UEFA EURO - 2019/20 SeasonMatch press kits
|Bulgaria||Sunday 17 November 2019|
18.00CET (00.00 local time) Group A - Matchday -3#BULCZE
Date of birth: 29 March 1966
Playing career: Etar Veliko Turnovo, Sporting CP, Stuttgart
Coaching career: Grasshopper-Club, St Gallen, Chernomorets Burgas, Hajduk Split, Kaiserslautern, Litex Lovech, Etar Veliko Turnovo, Bulgaria
• Made his name in the late 1980s as a midfielder with hometown side Etar, who won the Bulgarian title in 1990/91, but Balakov had already departed for Portuguese giants Sporting CP during the winter break.
• Under Sir Bobby Robson Balakov developed into a fine playmaker, and helped Sporting to win the 1995 Portuguese Cup; he moved to Stuttgart that summer, and the club won the German Cup in 1997 before reaching the final of the European Cup Winners' Cup a year later.
• Balakov was a key member of the Bulgaria side that reached the semi-finals of the 1994 FIFA World Cup – still regarded as the nation's biggest footballing achievement – and was named in the official Team of the Tournament. Bulgarian Player of the Year in 1995 and 1997, he scored 16 goals in 92 internationals between 1988 and 2003, captaining the side in the last three years.
• Hung up his boots in 2003 and moved into coaching in Switzerland, leading Zurich-based Grasshoppers and then St Gallen. He was the first Bulgarian to coach in the Bundesliga when Kaiserslautern hired him in March 2012.
• Ended a 16-month spell back at Etar to become Bulgaria coach on 14 May 2019, succeeding his former international team-mate Petar Hubchev.
Date of birth: 3 November 1961
Playing career: Škoda Plzeň (now Viktoria Plzeň), RH Cheb, Slavia Praha, Drnovice, Viktoria Žižkov
Coaching career: Kladno, Viktoria Plzeň, České Budějovice, Slovan Liberec, Jablonec, Dukla Praha, Slavia Praha, Czech Republic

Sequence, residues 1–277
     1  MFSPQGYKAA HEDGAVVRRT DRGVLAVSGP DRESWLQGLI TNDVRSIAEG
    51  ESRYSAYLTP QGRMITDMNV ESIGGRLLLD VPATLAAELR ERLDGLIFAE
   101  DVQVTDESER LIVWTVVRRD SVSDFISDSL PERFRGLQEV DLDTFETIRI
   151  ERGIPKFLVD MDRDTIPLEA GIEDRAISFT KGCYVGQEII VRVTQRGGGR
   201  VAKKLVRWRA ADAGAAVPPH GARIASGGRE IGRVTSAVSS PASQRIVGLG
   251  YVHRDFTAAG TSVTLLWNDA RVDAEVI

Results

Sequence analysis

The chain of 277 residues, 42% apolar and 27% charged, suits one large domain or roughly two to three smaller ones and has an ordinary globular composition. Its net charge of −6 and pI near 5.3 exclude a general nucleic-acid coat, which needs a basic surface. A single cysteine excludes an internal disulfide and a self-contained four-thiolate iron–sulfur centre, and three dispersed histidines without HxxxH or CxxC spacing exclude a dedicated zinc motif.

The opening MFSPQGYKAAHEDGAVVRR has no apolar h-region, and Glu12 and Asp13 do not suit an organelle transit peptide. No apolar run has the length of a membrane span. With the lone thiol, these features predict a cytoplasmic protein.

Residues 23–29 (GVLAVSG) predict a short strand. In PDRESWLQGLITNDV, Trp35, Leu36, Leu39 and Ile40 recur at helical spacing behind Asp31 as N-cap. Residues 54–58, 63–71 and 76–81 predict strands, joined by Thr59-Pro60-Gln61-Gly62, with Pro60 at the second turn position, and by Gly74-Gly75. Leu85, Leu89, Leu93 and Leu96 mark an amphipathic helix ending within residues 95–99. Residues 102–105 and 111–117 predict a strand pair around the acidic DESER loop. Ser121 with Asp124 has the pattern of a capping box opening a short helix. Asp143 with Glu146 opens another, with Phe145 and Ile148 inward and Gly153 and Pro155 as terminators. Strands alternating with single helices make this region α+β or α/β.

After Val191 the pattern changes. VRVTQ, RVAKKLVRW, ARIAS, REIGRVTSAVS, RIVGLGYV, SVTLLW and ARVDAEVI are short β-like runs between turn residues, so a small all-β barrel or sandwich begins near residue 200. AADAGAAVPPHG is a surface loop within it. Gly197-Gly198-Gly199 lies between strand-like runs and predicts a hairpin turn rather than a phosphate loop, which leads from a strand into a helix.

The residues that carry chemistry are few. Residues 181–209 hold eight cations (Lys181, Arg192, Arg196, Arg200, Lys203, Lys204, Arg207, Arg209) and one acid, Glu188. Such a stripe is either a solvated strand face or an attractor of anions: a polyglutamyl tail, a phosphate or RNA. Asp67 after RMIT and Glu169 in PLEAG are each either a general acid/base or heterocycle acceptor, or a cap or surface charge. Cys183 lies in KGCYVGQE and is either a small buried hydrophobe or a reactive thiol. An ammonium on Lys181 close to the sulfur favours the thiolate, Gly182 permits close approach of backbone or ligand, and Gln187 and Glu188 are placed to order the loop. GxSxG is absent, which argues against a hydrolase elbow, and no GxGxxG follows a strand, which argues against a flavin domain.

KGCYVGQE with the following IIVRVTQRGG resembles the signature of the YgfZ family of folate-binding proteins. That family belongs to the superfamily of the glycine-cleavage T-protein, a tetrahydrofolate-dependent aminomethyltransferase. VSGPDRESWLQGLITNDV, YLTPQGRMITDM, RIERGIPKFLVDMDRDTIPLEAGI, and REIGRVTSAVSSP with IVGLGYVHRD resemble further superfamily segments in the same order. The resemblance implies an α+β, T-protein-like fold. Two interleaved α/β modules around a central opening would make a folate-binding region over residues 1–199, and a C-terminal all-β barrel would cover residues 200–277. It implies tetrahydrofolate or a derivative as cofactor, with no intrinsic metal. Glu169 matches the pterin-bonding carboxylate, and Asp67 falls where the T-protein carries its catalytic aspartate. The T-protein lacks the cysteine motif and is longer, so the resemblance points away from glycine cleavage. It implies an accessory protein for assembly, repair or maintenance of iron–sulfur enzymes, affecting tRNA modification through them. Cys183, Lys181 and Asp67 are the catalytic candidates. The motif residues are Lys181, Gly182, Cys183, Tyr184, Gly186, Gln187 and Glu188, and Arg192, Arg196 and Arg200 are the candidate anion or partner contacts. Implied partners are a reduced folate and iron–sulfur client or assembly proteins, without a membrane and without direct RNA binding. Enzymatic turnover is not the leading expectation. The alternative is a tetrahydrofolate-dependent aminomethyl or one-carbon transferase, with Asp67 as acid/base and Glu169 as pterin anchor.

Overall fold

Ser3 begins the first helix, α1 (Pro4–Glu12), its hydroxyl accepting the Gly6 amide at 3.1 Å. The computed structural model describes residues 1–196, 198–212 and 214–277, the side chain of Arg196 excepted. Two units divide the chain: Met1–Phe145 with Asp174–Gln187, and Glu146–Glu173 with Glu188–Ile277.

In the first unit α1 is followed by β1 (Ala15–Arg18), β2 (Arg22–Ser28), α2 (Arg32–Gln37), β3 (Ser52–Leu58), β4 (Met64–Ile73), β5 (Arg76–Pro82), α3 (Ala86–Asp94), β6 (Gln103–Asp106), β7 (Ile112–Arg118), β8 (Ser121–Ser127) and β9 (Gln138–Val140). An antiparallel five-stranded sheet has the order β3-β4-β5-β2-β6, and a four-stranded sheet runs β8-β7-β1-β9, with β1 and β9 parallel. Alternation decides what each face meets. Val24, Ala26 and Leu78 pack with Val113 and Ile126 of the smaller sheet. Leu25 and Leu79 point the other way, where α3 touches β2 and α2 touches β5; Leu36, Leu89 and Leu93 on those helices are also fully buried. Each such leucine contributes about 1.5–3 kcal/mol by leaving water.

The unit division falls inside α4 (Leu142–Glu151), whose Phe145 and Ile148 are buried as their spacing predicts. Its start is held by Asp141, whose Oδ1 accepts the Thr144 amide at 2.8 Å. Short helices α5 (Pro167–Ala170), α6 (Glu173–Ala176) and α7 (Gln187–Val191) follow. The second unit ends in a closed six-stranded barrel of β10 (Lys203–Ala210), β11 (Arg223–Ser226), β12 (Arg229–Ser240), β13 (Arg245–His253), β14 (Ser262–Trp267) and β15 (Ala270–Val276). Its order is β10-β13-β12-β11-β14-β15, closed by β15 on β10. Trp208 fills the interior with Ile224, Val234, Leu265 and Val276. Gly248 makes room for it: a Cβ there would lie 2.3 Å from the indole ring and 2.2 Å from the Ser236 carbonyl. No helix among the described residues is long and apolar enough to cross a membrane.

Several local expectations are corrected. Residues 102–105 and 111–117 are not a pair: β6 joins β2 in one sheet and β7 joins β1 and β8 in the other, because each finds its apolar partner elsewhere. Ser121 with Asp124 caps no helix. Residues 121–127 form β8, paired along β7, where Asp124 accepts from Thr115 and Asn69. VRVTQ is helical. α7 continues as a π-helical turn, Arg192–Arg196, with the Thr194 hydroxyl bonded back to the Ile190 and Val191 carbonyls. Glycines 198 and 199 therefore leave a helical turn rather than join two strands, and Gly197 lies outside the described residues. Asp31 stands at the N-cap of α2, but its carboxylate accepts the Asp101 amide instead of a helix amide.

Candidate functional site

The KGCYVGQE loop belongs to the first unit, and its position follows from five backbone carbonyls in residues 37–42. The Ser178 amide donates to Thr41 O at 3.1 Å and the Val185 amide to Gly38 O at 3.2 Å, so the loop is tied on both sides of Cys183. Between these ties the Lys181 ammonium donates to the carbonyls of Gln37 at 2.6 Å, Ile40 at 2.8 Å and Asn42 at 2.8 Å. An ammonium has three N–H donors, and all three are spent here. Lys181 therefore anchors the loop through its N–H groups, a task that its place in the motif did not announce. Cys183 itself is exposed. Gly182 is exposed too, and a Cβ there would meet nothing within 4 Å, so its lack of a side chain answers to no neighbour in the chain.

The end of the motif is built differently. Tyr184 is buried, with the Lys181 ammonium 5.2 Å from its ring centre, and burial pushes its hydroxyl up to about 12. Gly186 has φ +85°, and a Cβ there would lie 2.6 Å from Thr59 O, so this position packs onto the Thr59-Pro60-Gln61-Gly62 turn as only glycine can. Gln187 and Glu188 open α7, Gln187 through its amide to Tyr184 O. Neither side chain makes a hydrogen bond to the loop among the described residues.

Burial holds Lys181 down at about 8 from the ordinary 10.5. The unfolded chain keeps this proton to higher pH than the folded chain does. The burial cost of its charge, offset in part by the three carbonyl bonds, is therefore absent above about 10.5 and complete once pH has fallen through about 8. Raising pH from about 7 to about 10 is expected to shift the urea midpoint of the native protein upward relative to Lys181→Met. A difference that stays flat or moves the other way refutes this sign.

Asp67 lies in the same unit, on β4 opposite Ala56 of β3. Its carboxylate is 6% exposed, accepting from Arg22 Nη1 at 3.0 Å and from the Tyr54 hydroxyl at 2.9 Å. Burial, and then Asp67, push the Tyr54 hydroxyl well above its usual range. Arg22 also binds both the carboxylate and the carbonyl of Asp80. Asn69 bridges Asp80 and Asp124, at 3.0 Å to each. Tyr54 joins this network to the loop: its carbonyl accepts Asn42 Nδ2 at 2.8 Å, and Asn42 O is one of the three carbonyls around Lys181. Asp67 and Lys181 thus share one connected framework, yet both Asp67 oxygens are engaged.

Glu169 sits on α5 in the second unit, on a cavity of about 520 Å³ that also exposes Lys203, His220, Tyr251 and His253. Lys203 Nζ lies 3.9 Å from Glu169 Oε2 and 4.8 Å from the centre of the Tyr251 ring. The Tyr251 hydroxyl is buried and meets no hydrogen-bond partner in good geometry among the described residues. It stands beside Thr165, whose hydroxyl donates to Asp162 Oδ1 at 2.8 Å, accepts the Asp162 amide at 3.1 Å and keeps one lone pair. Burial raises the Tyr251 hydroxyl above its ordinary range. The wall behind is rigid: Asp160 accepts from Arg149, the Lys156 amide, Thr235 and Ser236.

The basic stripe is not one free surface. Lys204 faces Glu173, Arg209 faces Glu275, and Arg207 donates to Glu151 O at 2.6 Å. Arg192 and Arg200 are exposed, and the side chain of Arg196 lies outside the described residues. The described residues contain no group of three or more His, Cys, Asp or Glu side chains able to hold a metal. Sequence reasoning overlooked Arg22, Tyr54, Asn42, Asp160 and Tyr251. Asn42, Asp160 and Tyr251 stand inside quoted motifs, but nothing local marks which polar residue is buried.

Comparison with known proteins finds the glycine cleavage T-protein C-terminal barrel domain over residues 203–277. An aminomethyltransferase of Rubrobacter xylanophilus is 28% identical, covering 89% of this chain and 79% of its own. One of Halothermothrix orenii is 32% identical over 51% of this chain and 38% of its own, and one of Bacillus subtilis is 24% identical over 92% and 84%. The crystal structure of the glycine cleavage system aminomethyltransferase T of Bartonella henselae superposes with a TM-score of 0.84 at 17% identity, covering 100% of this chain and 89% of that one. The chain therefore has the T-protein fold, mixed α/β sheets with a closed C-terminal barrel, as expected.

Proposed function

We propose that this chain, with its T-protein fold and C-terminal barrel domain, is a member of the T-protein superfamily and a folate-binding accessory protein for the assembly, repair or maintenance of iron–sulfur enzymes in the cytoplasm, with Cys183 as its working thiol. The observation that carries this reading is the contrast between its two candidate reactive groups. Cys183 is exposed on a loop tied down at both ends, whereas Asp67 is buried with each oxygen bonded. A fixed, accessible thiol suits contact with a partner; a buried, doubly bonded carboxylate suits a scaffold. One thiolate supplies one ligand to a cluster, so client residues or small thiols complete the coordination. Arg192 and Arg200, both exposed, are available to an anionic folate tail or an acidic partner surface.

• An uncompromising centre-back who led by example, Šilhavý made a record 465 appearances in the Czechoslovakian and Czech league, scoring 26 goals. Spent almost a decade with RH Cheb before joining Sparta Praha in 1990.
• Part of the Sparta side that finished runners-up in the Czechoslovak First League in 1992/93, Šilhavý also helped Drnovice to the Czech Cup final in 1996; he was voted personality of the league in 1998, a year before hanging up his boots after two seasons as Viktoria Žižkov captain.
• Also won four caps for Czechoslovakia between 1990 and 1991, while his son Tomáš went on to be a professional – also as a defender – at Slavia.
• Šilhavý snr started his coaching career with Kladno in 2007 and, after spells with Viktoria Plzeň and České Budějovice, guided Slovan Liberec to the Czech title in 2011/12 – when he was also named coach of the year. Took the club into the UEFA Europa League round of 32 in 2013/14.
• After short spells at Jablonec and Dukla Praha, took over at Slavia in September 2016, masterminding a 26-match unbeaten run in the league to win the title at the end of that season. Succeeded former Slavia team-mate Karel Jarolím as coach of the Czech Republic in September 2018.
:: Previous meetings
Goals for/against: Goal totals include the outcome of disciplinary decisions (e.g. match forfeits when a 3-0 result is determined). Goals totals do not include goals scored during a penalty shoot-out after a tie ended in a draw
:: Squad list
Qual.: Total European Qualifiers appearances/goals for UEFA EURO 2016 only.
FT: Total UEFA EURO 2016 appearances/goals in final tournament only.
Overall: Total international appearances/goals.
DoB: Date of birth
Age: Based on the date press kit was last updated
D: Disciplinary (*: misses next match if booked, S: suspended)
:: Team facts
EURO finals: The UEFA European Championship was a four-team event in 1960, 1964, 1968, 1972 and 1976 (when the preliminary round and quarter-finals were considered part of qualifying).
From 1980 it was expanded to an eight-team finals and remained in that format in 1984, 1988 and 1992 until 1996, when the 16-team format was adopted. UEFA EURO 2016 is the first tournament to be played as a 24-team finals.
Records of inactive countries
A number of UEFA associations have been affected by dissolution or splits of member associations. For statistical purposes, the records of these inactive countries have been allocated elsewhere: therefore, all Soviet Union matches are awarded to Russia; all West Germany – but not East Germany – matches are awarded to Germany; all Yugoslavia and Serbia & Montenegro matches are awarded to Serbia; all Czechoslovakia matches are allocated to both the Czech Republic and Slovakia.
For statisical purposes, when a match has been started and then abandoned but later forfeited, the result on the pitch at the time of abandonment is counted. Matches that never started and were either cancelled or forfeited are not included in the overall statistics.